Dollar General faces more than $1.2 million in penalties

Department of Labor says company habitually prioritizes 'profit over safety'

Dollar General faces more than $1.2 million in penalties

After recent federal inspections, Dollar General, which has been fined more than $6.5 million in penalties since 2017, now faces another $1.2 million in penalties for habitually disregarding workplace safety, the U.S. Department of Labor (DOL) said.

According to DOL’s news release, when the federal workplace safety inspectors investigated three Dollar General stores in Georgia in 2022, they found “exit routes obstructed, boxes of merchandise stacked unsafely and electrical panels hard to access.” These are the frequent violations at Dollar General locations, according to the release.

Series of violations

Recent inspections at Dollar General stores in Pembroke in February 2022, and Hogansville and Smyrna in March, revealed that the company failed to keep receiving areas clean and orderly and for unsafely stacking materials.

“These hazards exposed workers to slips, trips, and being struck by objects,” the government said. “OSHA [Occupational Safety and Health Administration] also issued citations for exposing workers to fire and entrapment hazards by failing to keep exit routes and electrical panels clear and unobstructed.”

Read more: Cited by OSHA? Here’s what you do

Following the three latest inspections, DOL said OSHA proposed a total of $1,292,783 in penalties against the company.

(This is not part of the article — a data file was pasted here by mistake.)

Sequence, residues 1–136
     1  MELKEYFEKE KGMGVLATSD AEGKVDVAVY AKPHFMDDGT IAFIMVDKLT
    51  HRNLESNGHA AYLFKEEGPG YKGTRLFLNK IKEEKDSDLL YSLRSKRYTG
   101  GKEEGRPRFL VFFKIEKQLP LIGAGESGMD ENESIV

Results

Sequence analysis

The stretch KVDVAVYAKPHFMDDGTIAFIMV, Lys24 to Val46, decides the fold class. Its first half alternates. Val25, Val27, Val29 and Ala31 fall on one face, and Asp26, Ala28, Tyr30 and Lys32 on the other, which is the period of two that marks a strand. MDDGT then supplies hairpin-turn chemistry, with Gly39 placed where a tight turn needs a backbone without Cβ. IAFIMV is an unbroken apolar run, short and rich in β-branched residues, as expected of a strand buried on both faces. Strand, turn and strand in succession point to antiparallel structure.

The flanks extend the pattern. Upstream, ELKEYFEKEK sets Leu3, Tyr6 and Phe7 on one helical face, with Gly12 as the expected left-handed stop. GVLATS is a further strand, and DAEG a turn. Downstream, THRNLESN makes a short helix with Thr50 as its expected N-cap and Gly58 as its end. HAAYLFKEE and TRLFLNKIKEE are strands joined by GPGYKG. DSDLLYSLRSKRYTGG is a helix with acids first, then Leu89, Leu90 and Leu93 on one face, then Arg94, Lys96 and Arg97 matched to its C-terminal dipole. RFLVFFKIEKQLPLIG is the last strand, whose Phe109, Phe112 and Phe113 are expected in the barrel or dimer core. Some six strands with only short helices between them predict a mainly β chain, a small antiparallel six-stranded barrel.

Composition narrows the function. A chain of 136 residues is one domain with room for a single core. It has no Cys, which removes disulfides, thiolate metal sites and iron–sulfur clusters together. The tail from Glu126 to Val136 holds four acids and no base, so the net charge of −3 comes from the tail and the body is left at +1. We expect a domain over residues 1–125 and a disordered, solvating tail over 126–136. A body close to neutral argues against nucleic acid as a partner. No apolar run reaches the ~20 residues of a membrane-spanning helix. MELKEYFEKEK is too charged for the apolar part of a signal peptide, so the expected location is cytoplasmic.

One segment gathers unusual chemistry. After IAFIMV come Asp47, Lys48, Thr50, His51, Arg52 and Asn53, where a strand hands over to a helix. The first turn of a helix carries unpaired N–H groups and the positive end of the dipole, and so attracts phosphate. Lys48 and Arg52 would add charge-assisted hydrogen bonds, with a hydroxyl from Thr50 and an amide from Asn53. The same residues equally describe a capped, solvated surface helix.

DOL further noted that the latest violation of Dollar General was not the first of its kind for the company. Dollar General’s habit of ignoring the safety of its workers was also evident in five other Southeast locations, according to DOL.

“In February 2022, OSHA proposed $1,048,309 in penalties after inspections at three locations in Mobile, Alabama, and one in Dalton, Georgia, found similar hazards,” DOL said.

“At another Mobile location, a December 2021 inspection led OSHA to propose $321,827 in penalties for exposing workers to slip and trip hazards and not keeping the main storeroom orderly to allow a safe exit during an emergency,” it added.

Moreover, since 2017, OSHA has proposed over $6.5 million in penalties after 78 inspections at Dollar General sites nationwide, including more than $450,000 in fines following a series of assessments in Georgia.

“OSHA inspectors frequently find unsafe conditions that put workers at risk and that could lead to disaster for employees and customers in an emergency,” DOL said.

Profit over safety

Assistant Secretary for Occupational Safety and Health Doug Parker assured that OSHA would take all necessary measures against Dollar General until it fixes its business practices to align with worker safety.

“Dollar General continues to make it obvious that profit means more to them than the safety of their employees,” Parker said. “The US Department of Labor will make every effort to hold them accountable for their failures.”

According to DOL, Dollar General has “15 business days from receipt of its citations and penalties to comply, request an informal conference with OSHA’s area director, or contest the findings before the independent Occupational Safety and Health Review Commission.”

The DOL also reminded the public that under the OSH Act of 1970, employers are liable to provide safe and healthful workplaces for their employees. 

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